backward. But we shall educate them—we shall bring them on, you know. The best people there are on our side."
"Hawley says you have men on your side who will do you harm," remarked Sir James. "He says Bulstrode the banker will do you harm."
"And that if you got pelted," interposed Mrs Cadwallader, "half the rotten eggs would mean hatred of your committee-man. Good heavens! Think what it must be to be pelted for wrong opinions. And I seem to remember a story of a man they pretended to chair and let him fall into a dust-heap on purpose!"
"Pelting is nothing to their finding holes in one's coat," said the Rector. "I confess that's what I should be afraid of, if we parsons had to stand at the hustings for preferment. I should be afraid of their reckoning up all my fishing days. Upon my word, I think the truth is the hardest missile one can be pelted with."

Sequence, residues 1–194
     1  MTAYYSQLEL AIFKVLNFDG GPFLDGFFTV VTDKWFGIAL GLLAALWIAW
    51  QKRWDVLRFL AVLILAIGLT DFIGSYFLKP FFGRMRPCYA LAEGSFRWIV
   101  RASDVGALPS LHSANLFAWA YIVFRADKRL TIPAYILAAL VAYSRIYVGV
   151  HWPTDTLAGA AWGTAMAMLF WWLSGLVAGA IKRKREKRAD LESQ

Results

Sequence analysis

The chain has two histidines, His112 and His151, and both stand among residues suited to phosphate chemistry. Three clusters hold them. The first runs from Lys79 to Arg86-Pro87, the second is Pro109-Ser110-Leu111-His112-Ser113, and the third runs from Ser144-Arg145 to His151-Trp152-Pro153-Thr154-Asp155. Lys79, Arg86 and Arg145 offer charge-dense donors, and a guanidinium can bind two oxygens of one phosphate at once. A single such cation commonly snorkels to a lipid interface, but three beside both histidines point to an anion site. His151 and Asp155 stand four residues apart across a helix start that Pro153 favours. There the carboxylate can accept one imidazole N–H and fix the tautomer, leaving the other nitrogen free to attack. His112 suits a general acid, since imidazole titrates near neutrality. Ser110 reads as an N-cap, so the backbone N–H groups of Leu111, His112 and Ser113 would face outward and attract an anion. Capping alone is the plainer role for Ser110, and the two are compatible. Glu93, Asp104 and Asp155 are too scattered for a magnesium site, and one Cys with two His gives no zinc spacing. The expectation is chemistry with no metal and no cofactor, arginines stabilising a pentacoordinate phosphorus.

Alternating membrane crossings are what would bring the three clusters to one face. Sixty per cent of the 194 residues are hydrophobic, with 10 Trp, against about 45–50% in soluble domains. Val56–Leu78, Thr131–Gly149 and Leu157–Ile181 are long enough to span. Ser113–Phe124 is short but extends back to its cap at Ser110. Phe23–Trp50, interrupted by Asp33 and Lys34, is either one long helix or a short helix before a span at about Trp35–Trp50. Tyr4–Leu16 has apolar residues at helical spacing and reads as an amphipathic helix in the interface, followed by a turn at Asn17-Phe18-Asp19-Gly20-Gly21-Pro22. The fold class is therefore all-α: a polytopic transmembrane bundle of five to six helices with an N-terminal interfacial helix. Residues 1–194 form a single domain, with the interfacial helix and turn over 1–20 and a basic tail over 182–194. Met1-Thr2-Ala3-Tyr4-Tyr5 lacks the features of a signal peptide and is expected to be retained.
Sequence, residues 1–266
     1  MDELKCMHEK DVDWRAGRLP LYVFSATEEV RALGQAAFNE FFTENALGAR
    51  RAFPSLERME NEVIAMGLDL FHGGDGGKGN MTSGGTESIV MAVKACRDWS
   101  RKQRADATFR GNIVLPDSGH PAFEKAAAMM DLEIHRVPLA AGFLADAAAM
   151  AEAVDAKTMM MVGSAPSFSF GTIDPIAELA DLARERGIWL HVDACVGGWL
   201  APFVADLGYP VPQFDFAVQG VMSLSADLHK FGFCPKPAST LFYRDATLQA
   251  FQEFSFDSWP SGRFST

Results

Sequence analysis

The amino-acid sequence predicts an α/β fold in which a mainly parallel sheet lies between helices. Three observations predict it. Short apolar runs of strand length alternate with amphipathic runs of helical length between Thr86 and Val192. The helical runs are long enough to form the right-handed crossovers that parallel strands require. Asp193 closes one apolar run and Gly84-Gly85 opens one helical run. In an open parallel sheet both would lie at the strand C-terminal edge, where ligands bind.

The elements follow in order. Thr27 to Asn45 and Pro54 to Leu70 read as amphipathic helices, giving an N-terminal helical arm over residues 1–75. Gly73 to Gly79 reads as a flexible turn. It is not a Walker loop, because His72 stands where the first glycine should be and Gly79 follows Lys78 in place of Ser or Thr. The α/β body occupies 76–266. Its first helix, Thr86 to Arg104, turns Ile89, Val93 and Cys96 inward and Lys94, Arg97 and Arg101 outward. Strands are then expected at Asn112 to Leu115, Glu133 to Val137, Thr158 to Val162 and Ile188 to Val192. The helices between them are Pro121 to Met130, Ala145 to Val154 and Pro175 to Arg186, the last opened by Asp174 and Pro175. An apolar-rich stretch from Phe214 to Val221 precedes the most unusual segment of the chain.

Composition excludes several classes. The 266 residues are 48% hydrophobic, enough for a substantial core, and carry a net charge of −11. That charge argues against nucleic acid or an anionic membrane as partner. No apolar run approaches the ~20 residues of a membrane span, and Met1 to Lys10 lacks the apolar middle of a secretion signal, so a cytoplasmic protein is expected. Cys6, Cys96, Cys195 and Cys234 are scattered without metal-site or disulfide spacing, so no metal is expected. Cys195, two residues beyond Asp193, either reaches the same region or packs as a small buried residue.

"The fact is," said Sir James, "if a man goes into public life he must be prepared for the consequences. He must make himself proof against calumny."
"My dear Chettam, that is all very fine, you know," said Mr. Brooke. "But how will you make yourself proof against calumny? You